ILNews

Opinions Nov. 15, 2011

November 15, 2011
Keywords
Back to TopE-mailPrintBookmark and Share

7th Circuit Court of Appeals had posted no Indiana opinions at IL deadline.

Indiana Supreme Court had posted no opinions at IL deadline.

Indiana Court of Appeals

Jesse Puckett v. State of Indiana
90A02-1104-CR-369
Criminal. Reverses sentencing decision that required Puckett to serve his entire previously suspended four-year sentence after Puckett admitted to violating his probation for Class C felony child molesting. The trial judge’s statement of reasons for the sentence is problematic. Holds it is improper when revoking probation for a trial court to find that the defendant actually committed a more serious crime than the one or ones of which he or she was originally convicted. Remands for another hearing regarding the revocation of probation.

Clayter Hale v. SS Liquors, Inc., and Safe Step, Inc.
73A01-1104-CT-179
Civil tort. Affirms summary judgment for SS Liquors and Safe Step Inc. on Hale’s personal injury negligence action. Declines to say that slipping and falling in a bathtub while taking a shower is something that does not happen “in the ordinary course of things.” There is no evidence that the bathtub at the time of Hale’s fall was unreasonably safe.

David R. Camm v. State of Indiana
87A01-1102-CR-25
Criminal. Reverses denial of Camm’s petition for appointment of a special prosecutor. Floyd County Prosecutor Keith Henderson’s cancelled literary contract created an irreversible, actual conflict of interest with his duty to the people of the state of Indiana. Remands for appointment of a special prosecutor and for proceedings consistent with the opinion.

In the Matter of the Guardianship of J.K., J.G. v. A.K. (NFP)
66A03-1005-JP-345
Juvenile. Affirms order denying father J.G.’s motion to terminate grandmother A.K.’s temporary guardianship of his daughter J.K. and the order granting A.K.’s petition for permanent guardianship over the daughter.

Roland Devoe v. State of Indiana (NFP)
49A02-1104-CR-312
Criminal. Affirms decision to join two causes against Devoe.

Gregory Brooks, Jr. v. State of Indiana (NFP)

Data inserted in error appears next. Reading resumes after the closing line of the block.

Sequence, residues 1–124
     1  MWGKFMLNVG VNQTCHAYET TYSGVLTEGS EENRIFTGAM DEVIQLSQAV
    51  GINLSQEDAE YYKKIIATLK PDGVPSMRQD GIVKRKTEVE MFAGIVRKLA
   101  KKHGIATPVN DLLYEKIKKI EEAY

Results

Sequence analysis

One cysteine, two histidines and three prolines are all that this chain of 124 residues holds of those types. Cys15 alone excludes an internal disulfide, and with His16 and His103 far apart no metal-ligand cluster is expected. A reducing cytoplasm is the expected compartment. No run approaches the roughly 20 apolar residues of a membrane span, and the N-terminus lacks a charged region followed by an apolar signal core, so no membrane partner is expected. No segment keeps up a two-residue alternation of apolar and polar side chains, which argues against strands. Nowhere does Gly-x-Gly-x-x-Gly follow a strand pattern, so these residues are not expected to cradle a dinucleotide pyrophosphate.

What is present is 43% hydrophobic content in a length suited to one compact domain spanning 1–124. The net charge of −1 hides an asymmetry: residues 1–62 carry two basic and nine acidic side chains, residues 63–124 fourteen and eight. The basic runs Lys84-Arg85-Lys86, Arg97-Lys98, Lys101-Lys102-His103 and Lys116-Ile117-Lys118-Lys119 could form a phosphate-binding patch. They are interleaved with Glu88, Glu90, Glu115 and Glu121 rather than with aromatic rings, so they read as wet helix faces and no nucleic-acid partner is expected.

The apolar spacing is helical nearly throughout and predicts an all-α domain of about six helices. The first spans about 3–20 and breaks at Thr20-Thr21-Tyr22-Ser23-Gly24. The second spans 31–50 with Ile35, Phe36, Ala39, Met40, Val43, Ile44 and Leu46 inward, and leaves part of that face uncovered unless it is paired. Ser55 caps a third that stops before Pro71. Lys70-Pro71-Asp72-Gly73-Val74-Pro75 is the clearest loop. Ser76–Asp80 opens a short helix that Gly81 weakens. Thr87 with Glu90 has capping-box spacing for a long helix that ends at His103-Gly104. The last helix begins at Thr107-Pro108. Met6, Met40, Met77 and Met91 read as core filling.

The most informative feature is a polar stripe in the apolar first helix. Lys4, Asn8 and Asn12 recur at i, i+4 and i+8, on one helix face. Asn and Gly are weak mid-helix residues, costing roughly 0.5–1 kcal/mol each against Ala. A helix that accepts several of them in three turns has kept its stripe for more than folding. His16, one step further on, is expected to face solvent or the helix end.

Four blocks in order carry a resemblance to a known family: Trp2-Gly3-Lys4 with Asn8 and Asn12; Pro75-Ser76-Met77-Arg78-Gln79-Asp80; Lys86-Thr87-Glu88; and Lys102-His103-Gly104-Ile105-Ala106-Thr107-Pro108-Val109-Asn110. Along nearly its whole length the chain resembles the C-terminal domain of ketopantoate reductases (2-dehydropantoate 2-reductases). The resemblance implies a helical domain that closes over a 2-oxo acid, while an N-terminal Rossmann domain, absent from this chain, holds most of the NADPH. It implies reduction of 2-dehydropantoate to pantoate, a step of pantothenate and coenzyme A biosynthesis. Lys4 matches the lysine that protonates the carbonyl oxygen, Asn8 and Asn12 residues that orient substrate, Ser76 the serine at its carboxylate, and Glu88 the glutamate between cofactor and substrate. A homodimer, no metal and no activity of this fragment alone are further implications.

45A04-1012-CR-766
Criminal. Affirms sentence following guilty plea to two counts of murder in perpetration of a robbery.

David J. Wierenga v. State of Indiana (NFP)
79A02-1101-CR-159
Criminal. Affirms sentence following guilty plea to Class C felony auto theft and habitual offender status.

Joshua D. Sutton v. State of Indiana (NFP)
29A05-1104-CR-223
Criminal. Affirms convictions of three counts of contributing to the delinquency of a minor as Class A misdemeanors.

Jason Ross v. State of Indiana (NFP)
12A05-1102-CR-82
Criminal. Affirms convictions of Class D felony operating a vehicle as a habitual traffic violator and Class A misdemeanor possession of drug paraphernalia.

North Lake Nursing and Rehabilitation Center, LLC d/b/a North Lake Rehabilitation Center v. The Estate of Cocteus Mason by Special Administrator, Tyniesha Spears (NFP)
45A03-1105-CT-229
Civil tort. Affirms denial of North Lake’s motion for preliminary determination of a proposed complaint filed with the Indiana Department of Insurance.

Wilson Makori v. State of Indiana (NFP)
71A03-1103-CR-103
Criminal. Affirms convictions Class A misdemeanor operating while intoxicated, which was enhanced to a Class D felony based on a previous OWI conviction, resisting law enforcement and criminal recklessness.

Indiana Tax Court had posted no opinions at IL deadline.

The Indiana Supreme Court denied transfer to one case for the week ending Nov. 11.
 

ADVERTISEMENT

Sponsored by

facebook - twitter on Facebook & Twitter

Indiana State Bar Association

Indianapolis Bar Association

Evansville Bar Association

Allen County Bar Association

Indiana Lawyer on Facebook

facebook
ADVERTISEMENT
Subscribe to Indiana Lawyer